Six months and 8,293,875 job applications ago, I graduated from college. I went home to Chicago to be unemployed for a while. I didn’t know it then, but it was pretty awesome.
When I finally (finally!) got an offer and came back to New York, I was determined to be an Adult about everything. I spent very little of my salary and slept on NG‘s floor during the time I used Craigslist and a variety of other less creepy resources to help me find somewhere to live. I finally found a place on Roosevelt Island, visited it and decided to move in. Rent was within my budget and I was finally going to be able to pay for myself, which was a huge deal to someone who had never been financially independent before. I moved in, with all of my things, on a Sunday.
The cockroaches didn’t bother me the first night. I had an open space and was able to clean the entire area thoroughly before I let my things into the area and set up blankets to sleep. Cleaning thoroughly meant dusting everything, mopping (with an actual mop), Swiffer-ing, using a ridiculous amount of Clorox wipes, bug spraying any place the floor touched the wall and spraying the entire area with air freshener. I felt very comfortable, besides the overwhelming smell of Japanese food coming from the kitchen which I had happily decided to ignore when I had visited, on account of the fact that the rent was within my budget. The next morning, I followed the smell of Japanese food to the kitchen.
Now, readers, I want to tell you a story within a story here, just a literary device that we writers use once in a while to make comparisons. When I was a young girl, we took a lot of road trips to visit family. Annoying as I was as a child, I would have to use the bathroom at very inconvenient times. We weren’t always near a Barnes and Noble or a Denny’s, where the bathrooms were passable. We would, sometimes, have to stop at gas stations for yours truly. That is what we had done this particular time and my mother escorted me to the gas station bathroom. When I stepped inside, it was so filthy that, as a defensive reflex, I think, I threw up. It was like the bathroom was attacking me with its filth and my body was responding with a sort of “Oh yeah? Top this!” response.
When I saw the kitchen in the Roosevelt Island apartment, I felt my insides start to grumble a warning to me. They seemed to be saying, “If you don’t walk away right this instant, we are going to have to put up a fight here.” I turned around and calmly went to speak to one of my two roommates about getting a cleaning lady.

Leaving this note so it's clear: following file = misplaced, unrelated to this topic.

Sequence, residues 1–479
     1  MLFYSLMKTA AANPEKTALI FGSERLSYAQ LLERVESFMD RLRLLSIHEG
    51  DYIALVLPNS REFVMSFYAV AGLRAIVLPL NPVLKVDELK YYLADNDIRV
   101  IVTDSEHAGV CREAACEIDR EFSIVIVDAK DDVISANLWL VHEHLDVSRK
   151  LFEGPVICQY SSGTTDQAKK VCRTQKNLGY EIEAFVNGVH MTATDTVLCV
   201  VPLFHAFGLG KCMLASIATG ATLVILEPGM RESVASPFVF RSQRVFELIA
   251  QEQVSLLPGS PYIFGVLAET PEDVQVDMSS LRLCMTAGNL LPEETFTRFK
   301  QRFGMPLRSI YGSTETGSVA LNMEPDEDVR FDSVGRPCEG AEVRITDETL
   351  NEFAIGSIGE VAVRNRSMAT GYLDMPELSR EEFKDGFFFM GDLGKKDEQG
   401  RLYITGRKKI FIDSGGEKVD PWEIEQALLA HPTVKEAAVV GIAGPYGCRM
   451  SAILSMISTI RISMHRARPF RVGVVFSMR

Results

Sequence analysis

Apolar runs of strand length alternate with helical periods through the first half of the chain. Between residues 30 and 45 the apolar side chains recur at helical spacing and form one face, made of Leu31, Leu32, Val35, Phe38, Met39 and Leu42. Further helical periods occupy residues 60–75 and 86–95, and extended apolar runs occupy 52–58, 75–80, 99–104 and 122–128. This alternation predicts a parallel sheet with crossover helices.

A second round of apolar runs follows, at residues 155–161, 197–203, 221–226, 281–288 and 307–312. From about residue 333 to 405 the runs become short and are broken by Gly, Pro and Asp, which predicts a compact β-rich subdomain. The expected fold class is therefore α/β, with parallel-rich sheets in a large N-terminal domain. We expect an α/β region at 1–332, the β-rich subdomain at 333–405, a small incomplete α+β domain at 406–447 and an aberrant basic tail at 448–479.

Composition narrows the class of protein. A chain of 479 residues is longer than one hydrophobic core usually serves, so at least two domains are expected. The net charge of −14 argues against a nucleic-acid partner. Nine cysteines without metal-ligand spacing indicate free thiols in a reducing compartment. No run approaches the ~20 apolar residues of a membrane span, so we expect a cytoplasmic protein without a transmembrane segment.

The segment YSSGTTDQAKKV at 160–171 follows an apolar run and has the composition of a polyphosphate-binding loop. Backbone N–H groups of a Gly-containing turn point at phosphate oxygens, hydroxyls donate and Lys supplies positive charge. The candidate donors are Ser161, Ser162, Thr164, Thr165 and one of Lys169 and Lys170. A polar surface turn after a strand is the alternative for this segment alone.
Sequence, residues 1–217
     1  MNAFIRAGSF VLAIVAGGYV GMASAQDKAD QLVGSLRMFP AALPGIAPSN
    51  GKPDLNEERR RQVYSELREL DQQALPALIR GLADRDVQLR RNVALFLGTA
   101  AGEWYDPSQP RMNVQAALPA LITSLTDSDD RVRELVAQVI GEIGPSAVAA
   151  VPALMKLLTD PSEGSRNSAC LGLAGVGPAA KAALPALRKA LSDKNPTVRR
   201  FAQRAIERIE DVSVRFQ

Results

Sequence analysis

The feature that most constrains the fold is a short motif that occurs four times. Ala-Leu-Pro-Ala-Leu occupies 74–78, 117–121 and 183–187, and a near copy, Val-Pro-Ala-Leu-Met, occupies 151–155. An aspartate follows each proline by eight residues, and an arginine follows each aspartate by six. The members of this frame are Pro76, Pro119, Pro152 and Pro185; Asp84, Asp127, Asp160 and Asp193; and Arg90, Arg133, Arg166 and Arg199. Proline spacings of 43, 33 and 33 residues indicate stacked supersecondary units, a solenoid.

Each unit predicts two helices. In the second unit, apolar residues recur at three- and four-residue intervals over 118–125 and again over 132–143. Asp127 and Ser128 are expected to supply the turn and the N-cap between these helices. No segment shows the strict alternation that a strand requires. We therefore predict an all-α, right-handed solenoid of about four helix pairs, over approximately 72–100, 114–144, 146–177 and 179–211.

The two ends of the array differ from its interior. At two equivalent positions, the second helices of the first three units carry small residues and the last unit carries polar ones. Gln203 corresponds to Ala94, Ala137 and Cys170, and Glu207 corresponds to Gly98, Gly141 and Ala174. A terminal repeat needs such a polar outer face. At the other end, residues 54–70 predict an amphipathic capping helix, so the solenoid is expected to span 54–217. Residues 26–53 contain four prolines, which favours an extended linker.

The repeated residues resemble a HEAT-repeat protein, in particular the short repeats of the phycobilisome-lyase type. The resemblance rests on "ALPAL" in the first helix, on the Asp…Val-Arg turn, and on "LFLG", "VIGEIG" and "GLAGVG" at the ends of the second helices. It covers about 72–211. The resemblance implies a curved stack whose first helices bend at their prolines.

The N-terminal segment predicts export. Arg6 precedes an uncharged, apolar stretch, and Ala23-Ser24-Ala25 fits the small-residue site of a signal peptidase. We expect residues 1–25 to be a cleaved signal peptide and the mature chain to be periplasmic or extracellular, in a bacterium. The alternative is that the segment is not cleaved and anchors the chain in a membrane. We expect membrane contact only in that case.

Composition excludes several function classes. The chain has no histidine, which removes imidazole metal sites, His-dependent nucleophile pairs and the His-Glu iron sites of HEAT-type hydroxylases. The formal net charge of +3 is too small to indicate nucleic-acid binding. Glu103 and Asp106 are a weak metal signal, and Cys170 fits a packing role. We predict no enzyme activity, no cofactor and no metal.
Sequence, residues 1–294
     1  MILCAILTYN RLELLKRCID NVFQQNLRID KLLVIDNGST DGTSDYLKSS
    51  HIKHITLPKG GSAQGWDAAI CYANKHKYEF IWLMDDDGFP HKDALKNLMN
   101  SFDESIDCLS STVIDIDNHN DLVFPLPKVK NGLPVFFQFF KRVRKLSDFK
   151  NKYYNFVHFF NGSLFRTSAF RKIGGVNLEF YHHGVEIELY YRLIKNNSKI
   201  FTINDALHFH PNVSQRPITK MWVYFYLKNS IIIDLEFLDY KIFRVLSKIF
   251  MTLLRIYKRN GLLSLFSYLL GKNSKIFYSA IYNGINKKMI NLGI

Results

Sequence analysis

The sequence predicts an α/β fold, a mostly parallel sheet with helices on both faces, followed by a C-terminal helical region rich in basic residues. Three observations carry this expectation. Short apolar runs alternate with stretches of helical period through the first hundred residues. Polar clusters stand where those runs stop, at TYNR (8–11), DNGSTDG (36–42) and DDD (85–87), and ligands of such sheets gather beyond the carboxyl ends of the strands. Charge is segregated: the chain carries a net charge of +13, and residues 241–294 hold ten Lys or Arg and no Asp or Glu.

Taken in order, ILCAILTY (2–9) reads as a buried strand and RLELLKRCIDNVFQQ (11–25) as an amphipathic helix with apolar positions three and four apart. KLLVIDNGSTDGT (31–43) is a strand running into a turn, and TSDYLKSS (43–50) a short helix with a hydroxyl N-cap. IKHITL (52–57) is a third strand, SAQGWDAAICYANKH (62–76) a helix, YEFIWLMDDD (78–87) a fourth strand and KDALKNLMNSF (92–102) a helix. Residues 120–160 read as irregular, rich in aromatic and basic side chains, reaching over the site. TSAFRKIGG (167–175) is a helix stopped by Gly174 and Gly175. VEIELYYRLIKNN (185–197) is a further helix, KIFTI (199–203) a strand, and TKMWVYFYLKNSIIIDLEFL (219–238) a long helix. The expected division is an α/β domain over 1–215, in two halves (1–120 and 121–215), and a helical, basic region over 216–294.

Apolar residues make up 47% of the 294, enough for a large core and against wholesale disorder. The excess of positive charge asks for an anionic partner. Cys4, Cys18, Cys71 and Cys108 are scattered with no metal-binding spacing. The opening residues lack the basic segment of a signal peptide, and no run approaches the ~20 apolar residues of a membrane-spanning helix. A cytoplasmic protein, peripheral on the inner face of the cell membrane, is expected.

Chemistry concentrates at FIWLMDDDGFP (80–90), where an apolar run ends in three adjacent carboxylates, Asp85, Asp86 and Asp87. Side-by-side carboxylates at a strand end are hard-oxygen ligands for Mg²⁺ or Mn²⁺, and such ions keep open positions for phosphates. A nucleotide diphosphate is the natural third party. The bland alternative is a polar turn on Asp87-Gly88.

She pointed to the plates with sauce on them on our overflowing dining table and said, “See those? They were here when I moved in a month ago.” Apparently, the problem was the other roommate, whom we shall call Daisy. They had gotten exterminators before because there were cockroaches in the cabinets, due to Daisy’s dirtiness. “Don’t worry. Tim’s probably going to move out at the end of the month and when the new girl comes, we’ll all pitch in and get a cleaning lady.”
Um, Tim? What?
Yes, apparently, not only was I not informed about the cockroach problem and the exterminators they had had to call before, but they had also completely forgotten to mention the ENTIRE OTHER HUMAN BEING living in our apartment. I had a lot to think about. I went into my room, stretched out on my blanket on the floor and got on the phone with AF, who promptly said, “Dude, you have to get out of there.” As I was trying to calm myself and think reasonably about why I couldn’t just leave after I had moved all of my stuff to Roosevelt Island, I saw movement behind my pillow.
A cockroach. It was just casually climbing from behind my pillow up the wall, less than 6 inches away from my face, completely ignoring the volumes of bug spray I had sprayed in that exact corner less than 24 hours ago. Even as I was squealing (I rarely squeal) to AF who began to squeal herself, I knew I had to leave, for my own sanity and for the health of my insides. After hanging up, I went straight to my roommate, said I was leaving, packed my things and found myself hailing a cab (which cost more than all of my meals for the week, but whatever) to go straight back to NG’s floor, which was positively heavenly compared to what I had been through.
And that, friends, is how I ended up paying a little more to live in a spotless studio in Brooklyn. Lesson of the day: financial independence doesn’t come in one swoop, unless of course, you have studied finance.